It makes me unspeakably angry. The two big events I attend, take photos at and greatly enjoy each year – Celtic Connections and Edinburgh international book festival - are solidly based on diversity, inclusion, openness and collaboration from different cultures.
Since the Brexit vote it has become impossible for some international artists to travel to these festivals. This year several major African artists have decided it is far too difficult to try to attend Scottish festivals.
The visa application process for artists, musicians and writers has been made so difficult by the UK Home Office, that many are now deciding its not worth the hassle. Donald Shaw (director of Celtic Connections) and Nick Barley (director of EIBF), both report that Britain is now a closed gate, particularly for African visas, and that festivals here will now have to be less international. Celtic Connections has been running for 26 years and EIBF, the oldest UK book festival since 1982; as well as hitting the main Edinburgh International festival.
What will it mean for international festivals if our doors appear closed? Breixt sends out totally the wrong message. As Pat Kane puts it so well (National November 2018) – "Scottish nationalism is a cosmopolitan nationalism, as some German academics recently described their own country’s mainstream identity."
British Nationals misunderstand Scottish Nationalism – which is not about isolationism but about democracy: its about all voices having a say, inclusiveness, more local government, equality and not isolation at all!?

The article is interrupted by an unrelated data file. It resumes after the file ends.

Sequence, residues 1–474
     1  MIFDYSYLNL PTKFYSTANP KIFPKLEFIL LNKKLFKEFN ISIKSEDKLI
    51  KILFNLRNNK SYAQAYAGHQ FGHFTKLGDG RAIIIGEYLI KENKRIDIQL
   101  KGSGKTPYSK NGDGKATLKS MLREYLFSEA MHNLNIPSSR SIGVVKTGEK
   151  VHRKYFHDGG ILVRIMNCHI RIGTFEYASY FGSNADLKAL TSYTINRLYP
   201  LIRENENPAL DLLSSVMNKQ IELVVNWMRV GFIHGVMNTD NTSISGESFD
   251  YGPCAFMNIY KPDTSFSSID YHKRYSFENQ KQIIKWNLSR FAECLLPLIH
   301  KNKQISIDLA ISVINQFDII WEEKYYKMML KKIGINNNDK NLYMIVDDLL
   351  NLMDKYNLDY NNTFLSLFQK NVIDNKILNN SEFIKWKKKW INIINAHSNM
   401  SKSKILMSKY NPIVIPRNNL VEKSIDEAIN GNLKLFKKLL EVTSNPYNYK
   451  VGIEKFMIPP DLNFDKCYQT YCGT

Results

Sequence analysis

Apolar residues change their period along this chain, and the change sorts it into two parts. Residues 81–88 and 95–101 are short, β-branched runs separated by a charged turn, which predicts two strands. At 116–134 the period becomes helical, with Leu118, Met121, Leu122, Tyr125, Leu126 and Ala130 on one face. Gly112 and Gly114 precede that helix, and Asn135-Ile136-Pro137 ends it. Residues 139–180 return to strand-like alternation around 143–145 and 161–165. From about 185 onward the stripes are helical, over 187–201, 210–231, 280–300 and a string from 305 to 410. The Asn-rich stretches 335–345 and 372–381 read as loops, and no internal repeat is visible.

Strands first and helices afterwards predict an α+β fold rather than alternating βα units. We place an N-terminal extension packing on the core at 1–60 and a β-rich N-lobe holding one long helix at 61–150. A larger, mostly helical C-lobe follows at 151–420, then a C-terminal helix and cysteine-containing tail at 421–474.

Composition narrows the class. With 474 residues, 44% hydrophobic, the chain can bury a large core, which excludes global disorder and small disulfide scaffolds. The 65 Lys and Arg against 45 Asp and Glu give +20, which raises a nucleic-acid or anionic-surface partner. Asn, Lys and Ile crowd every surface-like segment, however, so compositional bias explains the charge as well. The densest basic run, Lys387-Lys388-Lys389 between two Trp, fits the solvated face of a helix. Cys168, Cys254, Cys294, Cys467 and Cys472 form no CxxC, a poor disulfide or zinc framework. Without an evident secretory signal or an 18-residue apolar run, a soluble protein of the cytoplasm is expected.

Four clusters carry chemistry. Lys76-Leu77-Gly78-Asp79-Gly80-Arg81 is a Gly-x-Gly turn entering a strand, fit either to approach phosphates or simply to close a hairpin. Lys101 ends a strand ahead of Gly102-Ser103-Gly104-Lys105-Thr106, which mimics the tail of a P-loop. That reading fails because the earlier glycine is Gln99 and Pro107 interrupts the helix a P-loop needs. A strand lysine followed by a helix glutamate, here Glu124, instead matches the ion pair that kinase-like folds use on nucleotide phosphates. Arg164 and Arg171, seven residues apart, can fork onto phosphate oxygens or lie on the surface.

Many artists, musicians and writers depend and thrive on cultural exchanges. Creatives value the ‘Four Freedoms’ – free movement of goods, services, capital and people. The academics, entrepreneurs and financial sectors also do.
African acts were also unable to attended Peter Gabriel’s Womad festival, ‘ Do we really want a white breaded Brexit flatland? A country that is losing the will to welcome the world?”
The withdrawal of the acts, from Mali and Senegal, has emerged months after Mr
Shaw warned the festival may have to become less international in future over concerns Brexit would create a financial and logistical “nightmare.”
Shaw has previously had to scale back his programme due to the plunging value of sterling since the EU vote. Celtic Connections has been hit months after the Edinburgh International Book Festival revealed up to a dozen authors had faced prolonged problems.
Director Nick Barley warned the “humiliating” process – including demands to provide bank statements and birth certificates, and undergo biometric tests – would deter artists from visiting the UK in future.
Mr Shaw said: “We had two quite large world music acts who I had pencilled in to perform that both pulled out about six weeks ago due to the hassle and stress of the visa application process.
They just felt it wasn’t worth the grief. The application process was made so difficult for them they decided not to persevere. “These are top-class musicians who have been travelling around the world for 20 years. Britain now has a very solidly-locked gate, certainly in terms of African visas.
“The whole thing undermines us as a Scottish festival with an international outlook. We always looked to embrace an internationalist programme. Anything that restricts that is disappointing. I don’t see any good reason for it.”